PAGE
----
on the factory floor

on the factory floor

1. In the primary part of a factory where goods are produced or assembled. They figured out that the defect had to do with a manufacturing error on the factory floor.
2. Working in that part of a factory. I spent nearly 10 years on the factory floor before being offered a position in the management team.
See also: factory, floor, on
References in periodicals archive ?
Nevertheless, AI is on the factory floor. For instance, take a look at Omron optical discrete sensors for detecting and staging the sequence of objects in manufacturing.
These days, the focus is on agent-based operations on the factory floor. One term for this is prognostics: "the ability to predict and prevent possible fault or system degradation before failures occur," rather than the current method of scheduled maintenance and reactive maintenance based on the "fail and fix approach," explains Jay Lee, director of the National Science Foundation Industry/University Cooperative Research Center on Intelligent Maintenance Systems (IMS; www.imscenter.net) and professor at University of Cincinnati.
AI can still help fill the gap in the skills and knowledge that are increasingly lacking on the factory floor as the number of equipment operators drops and more manufacturing engineers leave the field through attrition.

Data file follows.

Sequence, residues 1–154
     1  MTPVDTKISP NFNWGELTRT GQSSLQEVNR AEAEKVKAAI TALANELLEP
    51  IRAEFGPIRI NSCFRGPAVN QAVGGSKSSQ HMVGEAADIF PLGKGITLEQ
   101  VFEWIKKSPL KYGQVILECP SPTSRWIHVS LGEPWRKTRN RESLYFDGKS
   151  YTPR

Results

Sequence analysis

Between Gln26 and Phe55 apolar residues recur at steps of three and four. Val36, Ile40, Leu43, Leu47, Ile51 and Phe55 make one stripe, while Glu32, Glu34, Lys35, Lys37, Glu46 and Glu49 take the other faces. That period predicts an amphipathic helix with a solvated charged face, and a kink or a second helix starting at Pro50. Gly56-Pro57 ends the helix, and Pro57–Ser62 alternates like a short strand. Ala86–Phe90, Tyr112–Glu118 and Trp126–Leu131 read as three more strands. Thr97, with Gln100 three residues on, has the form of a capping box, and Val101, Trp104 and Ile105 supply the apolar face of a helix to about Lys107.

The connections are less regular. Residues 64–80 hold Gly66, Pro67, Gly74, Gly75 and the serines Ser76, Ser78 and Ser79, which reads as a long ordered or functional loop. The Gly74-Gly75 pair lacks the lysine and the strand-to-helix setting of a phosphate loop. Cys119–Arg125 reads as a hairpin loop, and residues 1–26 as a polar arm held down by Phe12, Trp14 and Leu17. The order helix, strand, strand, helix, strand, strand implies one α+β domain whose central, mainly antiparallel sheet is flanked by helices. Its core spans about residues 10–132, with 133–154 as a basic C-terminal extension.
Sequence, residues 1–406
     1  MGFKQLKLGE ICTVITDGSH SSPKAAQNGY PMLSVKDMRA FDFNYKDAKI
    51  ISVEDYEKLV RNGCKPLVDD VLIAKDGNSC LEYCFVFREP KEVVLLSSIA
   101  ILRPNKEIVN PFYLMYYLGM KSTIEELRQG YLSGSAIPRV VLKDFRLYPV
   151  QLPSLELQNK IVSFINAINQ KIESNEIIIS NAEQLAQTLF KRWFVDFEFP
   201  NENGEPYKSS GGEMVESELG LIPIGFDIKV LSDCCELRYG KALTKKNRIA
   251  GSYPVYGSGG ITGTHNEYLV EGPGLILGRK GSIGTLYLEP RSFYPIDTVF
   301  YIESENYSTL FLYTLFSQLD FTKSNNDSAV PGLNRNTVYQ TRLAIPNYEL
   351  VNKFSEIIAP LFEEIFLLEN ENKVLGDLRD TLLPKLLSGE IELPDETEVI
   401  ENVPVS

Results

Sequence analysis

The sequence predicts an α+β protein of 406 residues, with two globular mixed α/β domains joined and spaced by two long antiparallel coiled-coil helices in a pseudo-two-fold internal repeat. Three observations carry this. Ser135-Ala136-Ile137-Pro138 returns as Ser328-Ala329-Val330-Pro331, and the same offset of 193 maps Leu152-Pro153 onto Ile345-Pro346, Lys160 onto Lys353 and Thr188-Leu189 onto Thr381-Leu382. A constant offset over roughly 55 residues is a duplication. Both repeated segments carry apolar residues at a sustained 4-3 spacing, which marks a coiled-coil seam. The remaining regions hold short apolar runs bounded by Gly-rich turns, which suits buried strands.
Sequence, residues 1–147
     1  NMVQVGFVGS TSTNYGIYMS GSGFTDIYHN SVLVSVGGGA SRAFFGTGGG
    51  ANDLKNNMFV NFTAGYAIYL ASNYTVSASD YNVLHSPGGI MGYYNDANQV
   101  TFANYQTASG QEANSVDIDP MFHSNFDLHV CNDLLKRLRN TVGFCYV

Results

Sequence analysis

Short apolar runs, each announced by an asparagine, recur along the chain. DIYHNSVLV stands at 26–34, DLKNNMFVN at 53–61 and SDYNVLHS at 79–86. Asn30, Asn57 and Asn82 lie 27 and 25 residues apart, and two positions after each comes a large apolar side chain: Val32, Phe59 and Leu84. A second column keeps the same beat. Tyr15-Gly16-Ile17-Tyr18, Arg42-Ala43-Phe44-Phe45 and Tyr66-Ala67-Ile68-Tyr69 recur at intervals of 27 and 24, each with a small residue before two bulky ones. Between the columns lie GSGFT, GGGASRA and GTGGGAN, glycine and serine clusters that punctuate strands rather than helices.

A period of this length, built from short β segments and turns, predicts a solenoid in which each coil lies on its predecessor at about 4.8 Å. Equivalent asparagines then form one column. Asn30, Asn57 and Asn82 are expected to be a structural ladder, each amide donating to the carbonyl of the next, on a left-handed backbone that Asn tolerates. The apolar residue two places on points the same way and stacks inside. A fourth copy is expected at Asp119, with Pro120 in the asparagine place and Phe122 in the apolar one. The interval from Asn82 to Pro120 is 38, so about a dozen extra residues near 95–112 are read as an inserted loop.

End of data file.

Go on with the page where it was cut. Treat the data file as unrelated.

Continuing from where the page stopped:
As these different workers confronted each other on the factory floor, they occasionally met with each other and traded personal and social affronts and insults.
The respectable manhood of the postwar era rested on the gradual consolidation of the civilized relationship between corporations and unions and the patriarchal exclusion of women from auto work and the racial separation of black men on the factory floor. (20)
Practical jokes and horseplay (23) frequently resulted in angry altercations between men on the factory floor. These boylike pranks often helped to alleviate the tedium and monotony of assembly-line work, but occasionally they got out of hand and turned uncontrollably violent.
Management had to understand what was happening on the factory floor. Thus, the starting point of scientific management, according to Taylor, was "the deliberate gathering in on the part of those on the management's side of all of the great mass of traditional knowledge, which in the past has been in the heads of the workmen, and in the physical skill and knack of the workmen, which he has acquired through years of experience." Through his notorious time studies and his less well-known metal-cutting experiments, Taylor allowed those who ran the business to pierce the veil of shop practice secrecy.